Last year’s meeting in Cape Town was overshadowed by pessimism in the wake of tumbling commodity prices and organizers tried to boost morale by encouraging participants to look “beyond the cycle.” But this year the buzz word for multilaterals was sustainability.
Since 2013, the EITI Standard has “encouraged” public disclosure of contracts. And while it is difficult to attribute causality to policy change, since the release of the 2013 EITI Standard, nine new countries released contracts, and nine enacted laws that require contract disclosure.
It has been notoriously difficult for citizens in resource-rich countries to lay hands on extractive industry contracts and licenses between their governments and private sector extractive companies. But that seems to be changing.
As thousands gather in Paris for the Open Government Partnership Global Summit, Tunisia provides one powerful example of how open government can support trust and collaboration between government and citizens.
A 10-year boom in the prices of many commodities drew to a close last year. During previous booms, governments in developing countries have often squandered wealth accumulated through oil, gas and minerals, directing little of the proceeds toward effective investment or saving. When boom turned to bust, resource-rich countries were caught out, forced into debt spirals.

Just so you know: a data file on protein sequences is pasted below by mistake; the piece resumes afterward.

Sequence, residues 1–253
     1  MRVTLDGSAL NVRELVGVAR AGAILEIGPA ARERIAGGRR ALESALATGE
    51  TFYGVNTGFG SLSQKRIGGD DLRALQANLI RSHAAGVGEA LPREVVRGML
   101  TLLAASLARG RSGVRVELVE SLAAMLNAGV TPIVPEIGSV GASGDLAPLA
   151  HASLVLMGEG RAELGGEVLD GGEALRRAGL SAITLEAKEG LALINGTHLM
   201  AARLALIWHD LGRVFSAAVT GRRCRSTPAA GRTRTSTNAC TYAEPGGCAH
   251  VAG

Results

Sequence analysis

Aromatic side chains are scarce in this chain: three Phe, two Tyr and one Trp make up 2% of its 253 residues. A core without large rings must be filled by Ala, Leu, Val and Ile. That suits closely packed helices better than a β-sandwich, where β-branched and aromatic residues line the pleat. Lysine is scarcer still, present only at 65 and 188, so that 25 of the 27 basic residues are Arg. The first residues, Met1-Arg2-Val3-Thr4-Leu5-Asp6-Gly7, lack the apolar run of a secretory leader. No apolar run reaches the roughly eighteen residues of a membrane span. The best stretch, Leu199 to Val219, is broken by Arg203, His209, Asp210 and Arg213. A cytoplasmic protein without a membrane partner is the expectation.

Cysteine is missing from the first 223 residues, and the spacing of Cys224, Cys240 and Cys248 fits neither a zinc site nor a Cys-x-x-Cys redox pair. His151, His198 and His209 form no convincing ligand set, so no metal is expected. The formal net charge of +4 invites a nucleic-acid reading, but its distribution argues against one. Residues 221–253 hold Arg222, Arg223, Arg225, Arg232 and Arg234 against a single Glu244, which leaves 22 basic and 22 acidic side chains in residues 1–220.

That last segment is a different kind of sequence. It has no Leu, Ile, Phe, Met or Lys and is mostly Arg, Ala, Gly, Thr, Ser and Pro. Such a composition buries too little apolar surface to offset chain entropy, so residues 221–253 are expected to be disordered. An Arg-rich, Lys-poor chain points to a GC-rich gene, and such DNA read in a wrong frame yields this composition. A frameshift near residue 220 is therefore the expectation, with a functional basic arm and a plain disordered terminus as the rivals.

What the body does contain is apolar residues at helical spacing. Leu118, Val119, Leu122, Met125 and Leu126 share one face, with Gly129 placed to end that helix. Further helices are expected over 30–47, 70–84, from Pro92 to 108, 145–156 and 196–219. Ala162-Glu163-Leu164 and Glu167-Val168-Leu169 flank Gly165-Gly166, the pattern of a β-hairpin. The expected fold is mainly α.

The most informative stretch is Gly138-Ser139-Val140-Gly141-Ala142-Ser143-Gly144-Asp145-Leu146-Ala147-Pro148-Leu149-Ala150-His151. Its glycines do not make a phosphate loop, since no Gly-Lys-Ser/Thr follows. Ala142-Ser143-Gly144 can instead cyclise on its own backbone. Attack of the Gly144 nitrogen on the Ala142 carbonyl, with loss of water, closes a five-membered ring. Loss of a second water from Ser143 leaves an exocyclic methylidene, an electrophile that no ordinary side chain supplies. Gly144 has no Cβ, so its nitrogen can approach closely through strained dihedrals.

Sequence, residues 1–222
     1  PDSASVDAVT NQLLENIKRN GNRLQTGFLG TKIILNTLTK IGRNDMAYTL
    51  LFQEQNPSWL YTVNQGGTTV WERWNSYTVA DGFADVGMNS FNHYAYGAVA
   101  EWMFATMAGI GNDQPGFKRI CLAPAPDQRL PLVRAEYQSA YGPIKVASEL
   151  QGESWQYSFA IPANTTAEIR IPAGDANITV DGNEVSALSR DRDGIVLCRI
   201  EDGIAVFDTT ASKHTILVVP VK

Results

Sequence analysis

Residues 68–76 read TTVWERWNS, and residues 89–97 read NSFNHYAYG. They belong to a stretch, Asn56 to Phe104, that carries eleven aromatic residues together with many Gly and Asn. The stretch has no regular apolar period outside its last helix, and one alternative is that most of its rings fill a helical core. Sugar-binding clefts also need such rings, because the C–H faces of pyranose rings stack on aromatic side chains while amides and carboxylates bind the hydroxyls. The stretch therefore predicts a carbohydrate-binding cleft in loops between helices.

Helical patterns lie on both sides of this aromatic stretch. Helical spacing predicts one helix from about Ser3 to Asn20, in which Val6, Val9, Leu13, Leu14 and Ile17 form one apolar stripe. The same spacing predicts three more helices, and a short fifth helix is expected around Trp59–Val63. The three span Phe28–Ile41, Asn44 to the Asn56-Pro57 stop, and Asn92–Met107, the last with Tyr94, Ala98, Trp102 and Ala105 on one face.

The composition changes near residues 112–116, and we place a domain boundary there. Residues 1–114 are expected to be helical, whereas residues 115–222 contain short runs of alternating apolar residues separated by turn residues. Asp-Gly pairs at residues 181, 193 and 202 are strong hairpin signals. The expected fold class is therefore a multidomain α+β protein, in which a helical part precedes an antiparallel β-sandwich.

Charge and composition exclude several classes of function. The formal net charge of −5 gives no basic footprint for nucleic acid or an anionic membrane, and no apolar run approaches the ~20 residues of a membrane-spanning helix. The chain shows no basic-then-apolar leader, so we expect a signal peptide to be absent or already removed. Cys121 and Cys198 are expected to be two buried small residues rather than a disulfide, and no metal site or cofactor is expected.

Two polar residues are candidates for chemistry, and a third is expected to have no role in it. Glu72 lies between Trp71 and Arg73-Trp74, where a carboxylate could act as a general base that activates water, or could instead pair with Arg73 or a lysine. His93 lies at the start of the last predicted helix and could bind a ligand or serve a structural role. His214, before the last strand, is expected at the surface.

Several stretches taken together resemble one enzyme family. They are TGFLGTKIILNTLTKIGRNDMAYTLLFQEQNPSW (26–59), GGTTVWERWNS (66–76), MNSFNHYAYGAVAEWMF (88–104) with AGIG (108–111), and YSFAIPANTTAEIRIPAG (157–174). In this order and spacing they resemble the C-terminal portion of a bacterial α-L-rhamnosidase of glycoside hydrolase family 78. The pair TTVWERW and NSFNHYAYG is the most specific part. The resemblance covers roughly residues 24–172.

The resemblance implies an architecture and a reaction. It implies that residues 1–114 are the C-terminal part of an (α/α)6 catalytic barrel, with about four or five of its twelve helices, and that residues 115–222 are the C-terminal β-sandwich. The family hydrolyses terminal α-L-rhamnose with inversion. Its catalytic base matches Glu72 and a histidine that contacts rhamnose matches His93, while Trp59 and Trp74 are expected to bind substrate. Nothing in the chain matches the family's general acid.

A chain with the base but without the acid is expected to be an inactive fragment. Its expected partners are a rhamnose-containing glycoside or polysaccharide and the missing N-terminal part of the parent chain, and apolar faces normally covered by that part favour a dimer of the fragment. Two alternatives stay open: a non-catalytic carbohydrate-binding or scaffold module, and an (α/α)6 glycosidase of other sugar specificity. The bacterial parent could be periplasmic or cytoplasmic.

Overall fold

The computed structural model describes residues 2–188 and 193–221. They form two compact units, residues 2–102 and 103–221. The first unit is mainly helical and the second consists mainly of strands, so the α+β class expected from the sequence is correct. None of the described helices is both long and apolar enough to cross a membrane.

Secrecy around the agreements that governments strike with extractive companies for the exploitation of natural resources is a critical issue. Without access to this information, how can interested citizens be sure that the government negotiated a decent deal on their behalf, or that the company involved is paying its taxes correctly?
Most of Nigeria’s revenue comes from the oil and gas sector. The Public and Private Development Centre, which Seember Nyager leads, aims to monitor how this revenue is generated and how the government spends it.